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Whilst the pastry chills, make the mincemeat filling. Combine the jar, fruit, spices and alcohol . Don’t add too much, the fruit will soak up some alcohol but not a whole bottle. Again, leave to steep for an hour whilst the pastry chills. It’s about the perfect length of time to put the lights up on the tree.

Once the pastry as rested, roll out to the thickness of a £1 coin on a well floured board. Remember to roll away from yourself and turn the pastry a 1/4 turn each time.

Using 2 cutters, stamp out the base and lid to each mince-pie. The pastry will make around 30 in total. I sometimes make a double batch and give them away as gifts. However as the tea room is open, they will be sold this time. Cheers Mum.

Grease a mince pie tin liberally with butter or Stork. The one I’m using is a vintage tray I bought Gran for Christmas when I was 8 from a long closed Antique shop. Its got a patterned base which makes a pretty mice pie.

Press the base pastry disc into the tin and add a healthy dessertspoonful of mincemeat into the case. Then add the lid, I tend to paint the edge of the pastry with a little water to help it stick. Press the lid into the base to produce a good seal and then glaze with egg wash.

Cook in a hot Aga (or conventional oven at 200) for 15mins, turning half way through the bake time.

When the mince-pies are golden brown, take out the oven and rest on a cooling rack till completely cooled. Don’t be tempted to remove before they have cooled though, they will just break apart.

 

Lets Eat

Grab a glass of mulled wine or a spiced Latte, open the brandy butter and slightly warm a mince-pie in the Aga. Then all that’s left to do is get the family together and enjoy the festive spirit. It seems like a good occasion to use some Emma Bridgewater pottery as well – Thats if the Polar Bear will give up any mince pies at all though……….

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A night at Searcys- Harissa mayo, chips and champagne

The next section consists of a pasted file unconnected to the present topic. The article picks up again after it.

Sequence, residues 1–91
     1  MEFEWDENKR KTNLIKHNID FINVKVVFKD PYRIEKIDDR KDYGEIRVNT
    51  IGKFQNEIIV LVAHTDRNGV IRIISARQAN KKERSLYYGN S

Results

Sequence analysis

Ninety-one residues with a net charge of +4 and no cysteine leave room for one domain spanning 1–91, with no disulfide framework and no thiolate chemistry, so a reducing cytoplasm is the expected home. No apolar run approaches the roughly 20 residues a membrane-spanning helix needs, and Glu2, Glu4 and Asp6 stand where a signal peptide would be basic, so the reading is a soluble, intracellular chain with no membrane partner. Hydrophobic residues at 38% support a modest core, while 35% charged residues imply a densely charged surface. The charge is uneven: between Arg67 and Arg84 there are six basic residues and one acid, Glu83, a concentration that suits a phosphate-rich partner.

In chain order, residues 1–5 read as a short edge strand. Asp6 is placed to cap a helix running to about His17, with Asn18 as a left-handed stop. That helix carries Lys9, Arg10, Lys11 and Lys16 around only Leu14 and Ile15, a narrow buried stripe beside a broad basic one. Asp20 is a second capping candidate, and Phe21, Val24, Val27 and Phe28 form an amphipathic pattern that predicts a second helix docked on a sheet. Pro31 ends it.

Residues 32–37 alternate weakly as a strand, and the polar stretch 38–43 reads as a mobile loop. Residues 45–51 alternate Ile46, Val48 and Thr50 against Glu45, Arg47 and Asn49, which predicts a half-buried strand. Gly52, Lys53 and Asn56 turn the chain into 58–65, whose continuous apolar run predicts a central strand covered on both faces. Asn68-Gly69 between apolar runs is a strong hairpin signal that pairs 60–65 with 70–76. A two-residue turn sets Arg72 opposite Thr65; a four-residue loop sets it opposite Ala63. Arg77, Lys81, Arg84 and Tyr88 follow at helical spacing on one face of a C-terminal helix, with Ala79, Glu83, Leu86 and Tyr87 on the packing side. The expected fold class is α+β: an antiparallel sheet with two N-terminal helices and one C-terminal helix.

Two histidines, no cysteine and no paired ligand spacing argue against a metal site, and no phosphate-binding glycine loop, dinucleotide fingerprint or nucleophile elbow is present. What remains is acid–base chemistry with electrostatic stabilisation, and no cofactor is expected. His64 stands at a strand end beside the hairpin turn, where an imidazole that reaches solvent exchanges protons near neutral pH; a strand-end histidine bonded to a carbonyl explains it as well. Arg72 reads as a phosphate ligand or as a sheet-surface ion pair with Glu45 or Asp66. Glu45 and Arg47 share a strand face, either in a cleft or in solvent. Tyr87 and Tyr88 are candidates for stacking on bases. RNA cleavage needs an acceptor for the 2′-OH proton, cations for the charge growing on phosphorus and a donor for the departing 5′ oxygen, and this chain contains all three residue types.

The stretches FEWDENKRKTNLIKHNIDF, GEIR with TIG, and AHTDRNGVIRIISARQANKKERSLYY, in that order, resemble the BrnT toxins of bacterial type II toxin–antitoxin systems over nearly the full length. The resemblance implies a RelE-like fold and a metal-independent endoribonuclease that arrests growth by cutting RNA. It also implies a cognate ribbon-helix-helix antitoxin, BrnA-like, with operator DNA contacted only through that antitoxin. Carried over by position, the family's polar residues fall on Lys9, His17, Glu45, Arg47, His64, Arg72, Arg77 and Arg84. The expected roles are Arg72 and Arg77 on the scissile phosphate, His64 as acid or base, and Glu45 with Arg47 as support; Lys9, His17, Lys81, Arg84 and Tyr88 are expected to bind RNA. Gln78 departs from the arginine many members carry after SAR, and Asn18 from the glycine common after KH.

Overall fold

I like to think our tea room is a bit unique. Although it’s only open two days a week, the food doesn’t get rolled over. If it doesn’t sell, it gets eaten by us or given to the wildlife (foxy and badger do well). Now some argue this isn’t good for the accounts, but it’s better for the costumers and gives me loads of stuff to use for blogs. This week we had about 4 jackets left over on Sunday, so I decided to make some wedges.  The only tricky bit was what to have with them.

Well, I’m a bit of a superstitious person. If I’m test flying I give the ground team my mobile and if I’m in London I always have champagne and chips with spicy mayo at Searcys at St Pancras Station. This started when I took and passed my first surgical exam!! With results of the second exam out and a pass achieved, I thought I might give making the spicy mayo a go. It’s flavoured with harissa and amazing with chips and a glass of Verve.

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Harissa mayo

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Ingredients

  • 1 egg yolk
  • 125ml olive oil
  • 1/2 teaspoon White wine vinegar
  • Salt & pepper
  • 1 teaspoon each of caraway, cumin and coriander seeds
  • 2 teaspoons chilli flakes
  • 2 cloves fresh garlic
  • Jacket potatoes – for the wedges

 

Start by checking you have all the ingredients ready and also a friend on hand to help. Luckily dad’s around.

Start by separating the egg, you only need the yolk so you can either throw away the white or use it in something else. Transfer this to a bowl and gently whisk to break up.  Now the fun begins, add the oil a drop at a time and whisk till fully mixed.

 

Mayo at this point will split if you add the oil too fast and it doesn’t get incorporated. You can save it by adding another egg yolk if it does split.

Continue adding the oil a drop at a time (hence the need for dad) until the mix starts to thicken up. Then add the vinegar – it helps to stabilise the mayo.

 

Now, using your assistant again add the remaining oil in a continuous slow stream whilst frantically whisking. What results is homemade mayo – you can add some mustard, salt and pepper to make lively normal mayo or……..add harissa paste to make something special.

 

Harissa is sort of like a spicy North African ketchup alternative. It’s made by combining Caraway, Cumin and coriander seeds and gently toasting in a dry pan for a couple of minutes. These are then added to the chilli and ground up in a pestle and mortar.

 

Then add the finely chopped garlic and grind again in the trusty pestle and mortar. You can add a bit of oil to form a paste at the end.

 

All that remains is to combine the mayo with the Harissa paste and fold together.

 

Let’s eat

Make a few wedges with the left over jacket potatoes by chopping into 8 and cooking on the Aga in a bit of oil. Season with some salt and pepper.

 

Serve the wedges with a little ramekin of the mayo, a few olives and some perfectly chilled champagne (Jennie gets Verve, Alice-Moet, Holly edged towards Rothschild but when it’s just me – Pommery)

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Bonfire Toffee